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Cape Town ‘Day Zero’ water crisis due to migrating moisture corridor

22 Jan 2019
View towards Cape Town from Robben Island
View towards Cape Town from Robben Island (Image by Matthias Kniese (user Octavian78) [Public domain], via Wikimedia Commons)

The “Day Zero” water crisis that threatened the city of Cape Town in South Africa last year was due to an expansion of stable conditions in the subtropics that pushed rainfall farther south, according to a meteorological analysis. The researchers believe their study highlights the vulnerability of the Cape Town area – and other areas with dry, Mediterranean-type climates – to climate change.

“Although droughts are relatively frequent in these areas, the severity and frequency of occurrence in regions like Cape Town, California [in the US] and the Iberian Peninsula [in south-west Europe], among others, appears to be rising,” says Pedro Sousa of the University of Lisbon in Portugal. “This has been particularly notable in the last few years, which correspond exactly to the warmest years ever observed at the global scale.”

The South African government announced the risk of “Day Zero” in the latter half of 2017. The country’s largest city, which together with the greater Cape Town area has 3.7 million residents, faced the unprecedented prospect of having to turn off water supplies due to the worst drought in a century. To avoid the crisis, citizens were limited to 50 litres of water per person per day.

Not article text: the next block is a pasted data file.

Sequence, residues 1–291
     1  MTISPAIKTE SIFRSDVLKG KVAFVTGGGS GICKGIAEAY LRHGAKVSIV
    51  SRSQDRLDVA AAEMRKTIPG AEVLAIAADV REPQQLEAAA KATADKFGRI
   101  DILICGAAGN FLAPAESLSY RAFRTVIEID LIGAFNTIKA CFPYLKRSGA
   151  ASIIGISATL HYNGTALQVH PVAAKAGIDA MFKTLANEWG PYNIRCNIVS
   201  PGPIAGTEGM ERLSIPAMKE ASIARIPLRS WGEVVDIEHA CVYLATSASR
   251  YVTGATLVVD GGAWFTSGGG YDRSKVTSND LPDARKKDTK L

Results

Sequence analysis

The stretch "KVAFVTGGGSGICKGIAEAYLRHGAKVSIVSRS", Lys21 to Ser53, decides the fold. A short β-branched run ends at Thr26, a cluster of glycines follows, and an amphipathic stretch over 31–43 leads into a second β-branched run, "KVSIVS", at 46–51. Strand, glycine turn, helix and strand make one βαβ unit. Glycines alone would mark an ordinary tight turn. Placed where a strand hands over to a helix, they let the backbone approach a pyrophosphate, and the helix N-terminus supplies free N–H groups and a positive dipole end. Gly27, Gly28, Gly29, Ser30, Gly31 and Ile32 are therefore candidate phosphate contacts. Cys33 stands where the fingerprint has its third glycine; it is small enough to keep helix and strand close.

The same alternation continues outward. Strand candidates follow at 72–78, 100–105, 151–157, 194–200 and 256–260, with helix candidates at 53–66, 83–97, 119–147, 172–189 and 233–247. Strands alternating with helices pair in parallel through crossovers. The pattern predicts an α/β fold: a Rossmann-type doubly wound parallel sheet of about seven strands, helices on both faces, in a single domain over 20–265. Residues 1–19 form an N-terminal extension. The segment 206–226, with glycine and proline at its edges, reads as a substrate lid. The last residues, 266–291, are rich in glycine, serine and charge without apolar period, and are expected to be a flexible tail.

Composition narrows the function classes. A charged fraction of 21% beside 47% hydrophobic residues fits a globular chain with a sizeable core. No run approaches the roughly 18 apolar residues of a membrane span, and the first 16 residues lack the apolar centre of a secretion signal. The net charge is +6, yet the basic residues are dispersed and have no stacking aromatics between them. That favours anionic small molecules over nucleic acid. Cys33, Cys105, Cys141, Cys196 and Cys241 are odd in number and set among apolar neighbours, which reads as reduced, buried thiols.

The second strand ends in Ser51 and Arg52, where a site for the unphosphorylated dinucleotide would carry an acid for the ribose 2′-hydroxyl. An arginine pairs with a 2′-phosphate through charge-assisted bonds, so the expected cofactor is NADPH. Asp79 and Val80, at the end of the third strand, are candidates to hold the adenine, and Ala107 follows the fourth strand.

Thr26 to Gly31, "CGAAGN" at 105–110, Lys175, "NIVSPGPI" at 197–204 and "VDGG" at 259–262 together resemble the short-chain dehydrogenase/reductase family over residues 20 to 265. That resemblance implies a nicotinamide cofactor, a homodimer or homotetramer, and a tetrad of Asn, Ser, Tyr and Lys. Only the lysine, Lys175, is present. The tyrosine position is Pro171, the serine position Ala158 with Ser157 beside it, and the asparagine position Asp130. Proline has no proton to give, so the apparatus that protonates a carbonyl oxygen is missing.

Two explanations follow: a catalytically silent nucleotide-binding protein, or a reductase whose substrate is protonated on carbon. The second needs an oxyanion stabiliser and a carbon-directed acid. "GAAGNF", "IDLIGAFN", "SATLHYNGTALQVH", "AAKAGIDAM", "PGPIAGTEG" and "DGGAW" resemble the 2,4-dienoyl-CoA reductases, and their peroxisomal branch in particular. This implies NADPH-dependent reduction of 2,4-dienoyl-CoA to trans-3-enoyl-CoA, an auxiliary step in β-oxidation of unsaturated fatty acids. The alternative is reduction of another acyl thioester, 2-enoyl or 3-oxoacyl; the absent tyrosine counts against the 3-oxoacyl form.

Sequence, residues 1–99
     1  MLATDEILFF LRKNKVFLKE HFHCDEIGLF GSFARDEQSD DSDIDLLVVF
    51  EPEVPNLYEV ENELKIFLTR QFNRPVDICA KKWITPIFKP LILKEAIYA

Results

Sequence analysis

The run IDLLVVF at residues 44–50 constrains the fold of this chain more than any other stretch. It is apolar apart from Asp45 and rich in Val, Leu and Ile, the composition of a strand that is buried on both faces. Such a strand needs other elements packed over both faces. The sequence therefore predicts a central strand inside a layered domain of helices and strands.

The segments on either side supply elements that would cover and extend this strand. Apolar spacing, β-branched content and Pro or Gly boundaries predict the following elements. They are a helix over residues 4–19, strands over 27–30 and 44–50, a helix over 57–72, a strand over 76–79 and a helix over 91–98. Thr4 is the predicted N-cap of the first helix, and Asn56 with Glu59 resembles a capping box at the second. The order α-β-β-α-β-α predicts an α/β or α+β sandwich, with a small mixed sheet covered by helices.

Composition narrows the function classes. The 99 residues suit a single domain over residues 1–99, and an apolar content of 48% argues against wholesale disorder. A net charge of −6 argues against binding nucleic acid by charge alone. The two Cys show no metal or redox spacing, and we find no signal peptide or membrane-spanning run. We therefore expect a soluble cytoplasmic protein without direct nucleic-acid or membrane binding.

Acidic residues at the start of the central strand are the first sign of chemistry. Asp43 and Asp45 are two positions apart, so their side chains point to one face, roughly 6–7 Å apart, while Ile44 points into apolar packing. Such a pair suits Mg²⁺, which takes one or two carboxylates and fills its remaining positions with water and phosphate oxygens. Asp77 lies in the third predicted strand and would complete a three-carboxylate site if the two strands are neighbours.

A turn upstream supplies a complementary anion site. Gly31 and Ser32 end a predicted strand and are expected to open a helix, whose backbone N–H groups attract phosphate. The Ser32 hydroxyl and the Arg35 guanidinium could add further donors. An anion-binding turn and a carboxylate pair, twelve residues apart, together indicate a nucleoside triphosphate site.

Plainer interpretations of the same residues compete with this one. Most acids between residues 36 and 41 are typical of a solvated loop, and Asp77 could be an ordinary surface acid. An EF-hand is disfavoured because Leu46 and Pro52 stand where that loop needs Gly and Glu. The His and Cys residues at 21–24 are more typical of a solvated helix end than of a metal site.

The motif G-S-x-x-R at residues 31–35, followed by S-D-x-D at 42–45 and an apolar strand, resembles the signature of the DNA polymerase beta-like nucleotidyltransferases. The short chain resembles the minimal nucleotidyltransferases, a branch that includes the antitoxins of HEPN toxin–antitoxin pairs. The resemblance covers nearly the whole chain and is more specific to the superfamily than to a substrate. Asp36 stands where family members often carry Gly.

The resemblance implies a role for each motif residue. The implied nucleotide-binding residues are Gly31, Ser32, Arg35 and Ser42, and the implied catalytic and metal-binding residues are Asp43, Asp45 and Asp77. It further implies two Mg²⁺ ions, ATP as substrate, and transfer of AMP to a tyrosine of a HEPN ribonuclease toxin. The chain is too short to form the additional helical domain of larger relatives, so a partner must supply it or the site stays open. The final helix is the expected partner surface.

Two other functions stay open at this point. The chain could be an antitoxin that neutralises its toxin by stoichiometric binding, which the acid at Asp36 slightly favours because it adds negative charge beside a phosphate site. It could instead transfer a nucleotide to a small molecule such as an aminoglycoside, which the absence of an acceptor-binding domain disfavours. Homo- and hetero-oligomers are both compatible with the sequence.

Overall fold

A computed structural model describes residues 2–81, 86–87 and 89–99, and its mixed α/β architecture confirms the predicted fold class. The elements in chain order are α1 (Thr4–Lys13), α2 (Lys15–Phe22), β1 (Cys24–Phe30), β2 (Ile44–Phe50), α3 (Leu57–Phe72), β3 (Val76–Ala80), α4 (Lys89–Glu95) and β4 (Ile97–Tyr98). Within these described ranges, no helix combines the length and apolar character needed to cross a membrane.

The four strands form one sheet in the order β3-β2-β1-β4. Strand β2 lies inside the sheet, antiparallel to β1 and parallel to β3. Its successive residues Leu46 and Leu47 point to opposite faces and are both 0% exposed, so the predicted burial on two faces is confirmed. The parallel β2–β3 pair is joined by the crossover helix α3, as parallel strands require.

One year later, Day Zero has not yet arrived. But water use is still restricted, and researchers still debate the sequence of events that led the region to the brink of crisis.

“[There was] the real chance of Cape Town being the first large metropolitan area in the world to run out of water,” says Sousa. “This immediately led us to raise some scientific questions and to rapidly analyse the event purely from a meteorological and climatological point of view.”

Sousa and colleagues based at the University of Lisbon and the University of Cape Town examined daily meteorological data going back to 1979 in a bid to understand the large-scale atmospheric dynamics that led to particularly low rainfall in South Africa.

The team found that the main driver was an expansion of the usual stable anticyclones in the subtropical Southern Atlantic and Southern Indian oceans. This expansion pushed the storm corridor – the one carrying the storms that in the past provided Cape Town with much of its rain – farther south, away from South Africa.

As a result, weather fronts have missed the city, particularly during the transition seasons of spring and autumn, leading to the prolonged severe drought.

In addition, the team reckons the fact that the government’s water restrictions allowed the city to avoid the worst scenario demonstrates how much of a factor rising water-demand was in the near-crisis.

“We strongly believe that our work shows how the combined effects of unfavourable regional meteorology and human errors led to this complicated situation,” says Sousa. “I am confident that lessons like the one learned with the Day Zero water crisis will result in more awareness and better water-resources management, in order to prevent upcoming meteorologically-driven episodes of water scarcity, which will undoubtedly occur again.”

Sousa and colleagues reported the findings in Environmental Research Letters (ERL).

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